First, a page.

The Produce Aisle with Armand Lobato ( Photo by The Packer staff )

Curb appeal.

Real estate agents talk about this topic all the time. Especially in a digital age when buyers scan hundreds of homes online. Many times, it’s the properties with an eye-catching special touch that slow down the search enough to save with a click.

Is grocery shopping so different?

I can tell you what turns off potential customers. A parking lot full of debris, overflowing trash cans near the entrance. Concrete walkways that haven’t been regularly power washed or are littered with broken watermelons. Same effect occurs at night, if the lot is poorly lit or full of scattered carts.

That curb appeal message? Keep on driving to the next grocer.

As we move into warmer months, many produce operations stretch their real estate space outdoors, to the store’s entrance lobby or on the adjacent sidewalk. These are popular areas to take the fresh produce message outside, especially with loads of melons. However, it’s not unusual to build secondary displays of corn, potatoes, onions and peppers — you know, the kind of things that fit well on a barbecue skewer.

Suggestive displays move product, if you dare take the risk.

There are three points to keep in mind so you don’t get into trouble.

First, make the displays nice. Set the curb appeal so that you have nice color breaks — fresh iced-down corn next to a dummied-up bin of bright red potatoes, next to some fresh onions, next to the shiny bell peppers. Whether it’s this lineup, or a long line of melon varieties outside, it has to be built well, fresh, clean and level. Sign it well and keep plenty of bags handy for ease of shopping.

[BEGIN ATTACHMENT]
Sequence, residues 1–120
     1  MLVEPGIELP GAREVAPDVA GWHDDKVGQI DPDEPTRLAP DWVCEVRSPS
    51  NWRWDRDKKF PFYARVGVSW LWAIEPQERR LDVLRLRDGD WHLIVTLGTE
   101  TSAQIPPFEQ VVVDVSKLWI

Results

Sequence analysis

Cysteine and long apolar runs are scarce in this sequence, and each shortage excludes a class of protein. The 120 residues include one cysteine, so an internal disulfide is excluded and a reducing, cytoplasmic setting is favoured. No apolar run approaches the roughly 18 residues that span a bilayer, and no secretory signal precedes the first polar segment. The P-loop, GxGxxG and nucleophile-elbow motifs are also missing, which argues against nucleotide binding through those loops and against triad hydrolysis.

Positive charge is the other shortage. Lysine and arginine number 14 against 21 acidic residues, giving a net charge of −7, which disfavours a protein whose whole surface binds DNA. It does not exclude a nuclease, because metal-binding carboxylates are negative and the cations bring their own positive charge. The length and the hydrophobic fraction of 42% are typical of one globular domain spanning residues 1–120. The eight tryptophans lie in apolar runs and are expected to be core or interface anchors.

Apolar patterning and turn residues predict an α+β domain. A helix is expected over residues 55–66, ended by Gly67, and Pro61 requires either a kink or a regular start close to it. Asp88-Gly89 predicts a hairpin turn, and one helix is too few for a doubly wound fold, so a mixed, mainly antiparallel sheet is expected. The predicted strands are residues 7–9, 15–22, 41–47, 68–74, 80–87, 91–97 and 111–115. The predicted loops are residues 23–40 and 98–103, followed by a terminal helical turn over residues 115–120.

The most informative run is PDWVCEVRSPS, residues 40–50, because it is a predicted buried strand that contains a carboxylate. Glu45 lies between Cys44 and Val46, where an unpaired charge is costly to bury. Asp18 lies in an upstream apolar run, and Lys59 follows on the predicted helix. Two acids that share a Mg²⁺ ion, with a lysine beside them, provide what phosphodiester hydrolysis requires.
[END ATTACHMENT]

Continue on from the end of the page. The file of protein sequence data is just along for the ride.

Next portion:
Second, have a plan to maintain your displays. This means assigning a clerk to regularly monitor the curb appeal, straightening and culling, and of course, keeping things stocked and rotated. Policing this area is vital so that debris is immediately taken care of, empty pallets are picked up, and the area is kept as clean during the day as it is when you first set it all up.

Finally, maintaining a good curb appeal means having an exit strategy for the end of the day. If displays are all right to leave overnight, they should be rotated, stocked and level at day’s end. If the items are more perishable, assign the closing clerk to pull product and place it in the walk-in cooler. This protects your investment, keeps the shrink in check, and helps to maintain an organized display area.

Outdoor produce displays are an excellent way to help maximize sales and build added gross profit dollars this summer. An aggressive merchandising approach, coupled with a few cautionary steps, will give you curb appeal while boosting the bottom line.

Armand Lobato works for the Idaho Potato Commission. His 40 years’ experience in the produce business span a range of foodservice and retail positions. E-mail him at [email protected].

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